After Verma backtracked, the DCP’s office also deleted its tweet. Kejriwal’s former media advisor, Nagendar Sharma, called out the police’s double standards on Twitter by pointing out that it had booked the 72-year old Delhi Minorities Commission chairman, Zafarul Islam Khan, for sedition and incitement after he tweeted that when Indian Muslims are pushed to complain to the Muslim world about hate crimes, “bigots will face an avalanche”. Verma was barred by the Election Commission from campaigning for his incendiary remarks during the Delhi assembly polls in February, but faces no criminal charges.
Those who ask why migrant workers are walking hundreds of kilometres to get home should understand the nature of the tragedy. This incident may help those who are nestled safely in their homes to get a sense of their plight — a journalist ran into a group of about 25 workers, including children and women, on the Delhi-Ghaziabad highway a few days ago. They had decided to walk home to Bihar and eastern Uttar Pradesh because food stopped coming in for them after the first few days of the lockdown. They barely got one meal in two days.
They wandered around the Delhi railway station for a day. While someone asked for Rs 1,000 for a ticket, another suggested online registration. Only two in the group had smartphones, that too without battery charge or data. The basic phones of the others had no balance or charge. Where is the question of online registration? The next day they decided to walk. The journalist asked them to wait and promised help. He contacted some people who reached the spot after two hours. The group had moved on. The crisis has not only taught them how to deal with hunger, but it has also broken their trust. They said, “nobody cares for us, we can’t rely on anybody”. This desperation cannot be understood by people who have a system in place to look after themselves, including savings.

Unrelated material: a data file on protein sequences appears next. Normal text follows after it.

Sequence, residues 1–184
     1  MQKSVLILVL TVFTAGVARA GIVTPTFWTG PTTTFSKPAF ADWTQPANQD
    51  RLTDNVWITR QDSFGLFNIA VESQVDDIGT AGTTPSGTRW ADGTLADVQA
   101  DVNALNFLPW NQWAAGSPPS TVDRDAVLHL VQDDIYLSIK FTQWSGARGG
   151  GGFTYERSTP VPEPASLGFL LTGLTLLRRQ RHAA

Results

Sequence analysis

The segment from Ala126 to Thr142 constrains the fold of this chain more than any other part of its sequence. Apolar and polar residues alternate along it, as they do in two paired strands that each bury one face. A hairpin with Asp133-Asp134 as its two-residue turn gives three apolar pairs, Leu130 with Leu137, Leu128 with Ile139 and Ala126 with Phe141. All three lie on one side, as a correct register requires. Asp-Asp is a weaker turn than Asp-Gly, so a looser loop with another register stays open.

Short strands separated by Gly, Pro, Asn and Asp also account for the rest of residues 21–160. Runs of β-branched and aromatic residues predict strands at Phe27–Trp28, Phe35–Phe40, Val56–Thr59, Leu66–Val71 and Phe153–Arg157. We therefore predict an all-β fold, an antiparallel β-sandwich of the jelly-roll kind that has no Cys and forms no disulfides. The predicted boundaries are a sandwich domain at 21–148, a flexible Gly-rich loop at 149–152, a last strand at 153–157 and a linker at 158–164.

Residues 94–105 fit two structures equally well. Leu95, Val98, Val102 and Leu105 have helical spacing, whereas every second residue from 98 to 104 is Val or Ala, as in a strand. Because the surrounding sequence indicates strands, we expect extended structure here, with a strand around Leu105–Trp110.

No more whispers
By now it is understood that the coronavirus is going to be around for a long time. While most will be able to manage by maintaining social distance, politicians are worried. How will lawmakers maintain that distance while legislatures are in session? A former lawmaker in Karnataka suggested that they might have to rearrange the seating. Perhaps he did not realize the importance of a key activity: whispering into each other’s ears during sessions.
The Congress lawmaker, Shashi Tharoor, couldn’t stop praising Kerala’s health minister, KK Shailaja, after The Guardian called her ‘The coronavirus slayer’. Tharoor was as eloquent: “She has been omnipresent & effective, & deserves the recognition,” he tweeted about his political adversary much to the angst of his own party that lost no chance to flay Kerala’s Left government’s handling of Covid-19. It remains to be seen how Tharoor’s party will treat him over this.